NEW DELHI: Sticking to her promise made on Independence Day, External Affairs Minister Sushma Swaraj said that a Pakistani baby who is in a critical condition will be given a medical visa for treatment in India.
Responding to a tweet from one Irfan Shah and another from Syed Saif Ullah – both from Quetta, Balochistan – seeking help for baby Rohaan who is in a critical condition, Sushma Swaraj tweeted: “We will give medical visa for his treatment in India.”
On the occasion of Independence Day, the Ministry of External Affairs announced that India will provide medical visas to all bona fide Pakistani patients.
In a tweet on August 15, Sushma Swaraj said: “On the auspicious occasion of India’s Independence day, we will grant medical visa in all bonafide cases pending with us.”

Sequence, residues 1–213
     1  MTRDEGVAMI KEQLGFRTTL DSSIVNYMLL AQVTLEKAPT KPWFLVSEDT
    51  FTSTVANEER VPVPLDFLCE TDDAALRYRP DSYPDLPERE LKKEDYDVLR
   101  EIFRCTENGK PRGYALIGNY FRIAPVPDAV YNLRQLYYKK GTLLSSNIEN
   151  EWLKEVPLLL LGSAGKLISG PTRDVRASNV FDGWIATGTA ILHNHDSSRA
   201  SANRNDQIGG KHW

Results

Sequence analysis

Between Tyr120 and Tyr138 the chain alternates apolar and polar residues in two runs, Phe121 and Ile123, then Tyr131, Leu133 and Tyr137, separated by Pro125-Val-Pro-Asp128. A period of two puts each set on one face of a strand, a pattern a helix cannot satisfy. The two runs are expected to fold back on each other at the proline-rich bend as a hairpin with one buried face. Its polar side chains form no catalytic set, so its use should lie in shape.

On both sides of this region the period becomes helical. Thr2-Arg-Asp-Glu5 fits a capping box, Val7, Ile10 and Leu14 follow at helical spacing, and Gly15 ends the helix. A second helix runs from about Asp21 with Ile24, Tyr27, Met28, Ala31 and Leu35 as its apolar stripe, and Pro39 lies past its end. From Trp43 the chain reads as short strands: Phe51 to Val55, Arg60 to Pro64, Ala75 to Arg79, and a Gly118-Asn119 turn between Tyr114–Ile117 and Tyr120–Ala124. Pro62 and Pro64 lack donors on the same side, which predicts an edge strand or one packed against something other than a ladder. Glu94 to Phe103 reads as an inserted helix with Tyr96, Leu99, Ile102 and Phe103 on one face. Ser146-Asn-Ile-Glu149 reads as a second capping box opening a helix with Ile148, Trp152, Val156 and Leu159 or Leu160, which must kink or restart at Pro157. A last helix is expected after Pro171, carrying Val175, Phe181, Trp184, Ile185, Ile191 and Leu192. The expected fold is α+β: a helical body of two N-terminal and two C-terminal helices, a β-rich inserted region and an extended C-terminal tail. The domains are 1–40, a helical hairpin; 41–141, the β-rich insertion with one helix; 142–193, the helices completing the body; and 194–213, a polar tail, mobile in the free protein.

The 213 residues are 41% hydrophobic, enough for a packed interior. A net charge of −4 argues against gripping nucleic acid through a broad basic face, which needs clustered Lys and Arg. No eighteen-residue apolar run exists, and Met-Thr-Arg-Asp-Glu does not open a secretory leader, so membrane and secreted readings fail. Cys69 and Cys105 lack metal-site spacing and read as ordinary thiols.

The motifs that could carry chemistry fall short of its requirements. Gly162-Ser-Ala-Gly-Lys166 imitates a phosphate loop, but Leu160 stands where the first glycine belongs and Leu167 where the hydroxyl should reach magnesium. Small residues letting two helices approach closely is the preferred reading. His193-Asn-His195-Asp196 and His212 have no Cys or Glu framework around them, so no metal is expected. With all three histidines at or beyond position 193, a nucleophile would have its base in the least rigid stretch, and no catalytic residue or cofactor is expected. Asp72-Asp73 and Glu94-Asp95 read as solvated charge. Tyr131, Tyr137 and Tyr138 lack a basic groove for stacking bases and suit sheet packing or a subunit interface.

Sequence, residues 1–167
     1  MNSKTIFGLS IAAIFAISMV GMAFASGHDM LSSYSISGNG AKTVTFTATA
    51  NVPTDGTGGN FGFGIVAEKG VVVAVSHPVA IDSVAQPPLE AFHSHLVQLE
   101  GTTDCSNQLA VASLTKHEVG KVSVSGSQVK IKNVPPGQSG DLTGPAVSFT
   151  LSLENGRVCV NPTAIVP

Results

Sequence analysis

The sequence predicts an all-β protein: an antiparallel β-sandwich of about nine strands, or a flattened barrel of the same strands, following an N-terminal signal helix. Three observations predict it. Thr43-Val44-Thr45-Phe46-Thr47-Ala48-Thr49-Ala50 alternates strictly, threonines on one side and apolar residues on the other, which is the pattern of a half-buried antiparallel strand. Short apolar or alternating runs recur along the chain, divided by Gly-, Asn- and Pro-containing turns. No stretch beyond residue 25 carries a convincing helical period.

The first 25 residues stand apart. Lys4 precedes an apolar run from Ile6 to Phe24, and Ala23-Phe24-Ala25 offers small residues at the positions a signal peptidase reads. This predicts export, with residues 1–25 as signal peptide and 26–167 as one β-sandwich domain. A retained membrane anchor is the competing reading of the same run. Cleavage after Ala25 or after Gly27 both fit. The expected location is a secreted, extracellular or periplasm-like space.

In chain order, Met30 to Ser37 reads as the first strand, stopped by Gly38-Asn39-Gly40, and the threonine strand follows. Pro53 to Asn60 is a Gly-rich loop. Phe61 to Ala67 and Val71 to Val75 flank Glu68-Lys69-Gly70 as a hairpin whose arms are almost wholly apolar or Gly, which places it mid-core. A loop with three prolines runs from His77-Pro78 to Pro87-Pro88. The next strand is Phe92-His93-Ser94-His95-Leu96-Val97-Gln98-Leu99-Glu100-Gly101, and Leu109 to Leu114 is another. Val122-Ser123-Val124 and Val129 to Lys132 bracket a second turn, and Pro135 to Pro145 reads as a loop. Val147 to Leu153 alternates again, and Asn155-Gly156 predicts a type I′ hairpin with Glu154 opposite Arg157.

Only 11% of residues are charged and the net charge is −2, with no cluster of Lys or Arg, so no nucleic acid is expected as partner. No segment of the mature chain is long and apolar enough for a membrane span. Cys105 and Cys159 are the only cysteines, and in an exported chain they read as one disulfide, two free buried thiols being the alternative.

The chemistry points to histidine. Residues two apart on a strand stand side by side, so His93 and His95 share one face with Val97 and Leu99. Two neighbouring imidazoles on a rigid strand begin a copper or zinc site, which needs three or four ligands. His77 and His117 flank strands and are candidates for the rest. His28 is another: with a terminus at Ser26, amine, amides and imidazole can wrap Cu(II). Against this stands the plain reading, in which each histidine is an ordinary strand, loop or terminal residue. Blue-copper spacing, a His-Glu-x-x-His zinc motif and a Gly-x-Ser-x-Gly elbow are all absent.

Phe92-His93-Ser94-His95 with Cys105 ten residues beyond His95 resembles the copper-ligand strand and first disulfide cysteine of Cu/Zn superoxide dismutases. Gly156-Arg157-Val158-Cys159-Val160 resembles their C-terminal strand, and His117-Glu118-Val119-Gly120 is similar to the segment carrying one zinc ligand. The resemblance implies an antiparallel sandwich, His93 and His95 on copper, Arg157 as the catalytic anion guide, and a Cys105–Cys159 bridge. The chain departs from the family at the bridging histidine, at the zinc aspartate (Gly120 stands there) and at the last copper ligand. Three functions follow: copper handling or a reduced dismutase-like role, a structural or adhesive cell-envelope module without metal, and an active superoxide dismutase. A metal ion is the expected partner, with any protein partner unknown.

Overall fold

As ties between the two countries soured over various issues, the ministry had announced in May that only a letter of recommendation by then Pakistan Foreign Affairs Advisor Sartaj Aziz will enable a Pakistani national to get a medical visa for India.
The action was termed “highly regrettable” by Islamabad, who said that asking for a letter from the Foreign Affairs Adviser was “against diplomatic norms” and that “such a requirement has not been prescribed for any other country”.
However, on July 18, a patient from Pakistan-administered Kashmir, seeking treatment in New Delhi for a liver tumour, was granted a visa. Sushma Swaraj said that he needed no recommendation from the Pakistan government for a medical visa because the territory is “an integral part of India”.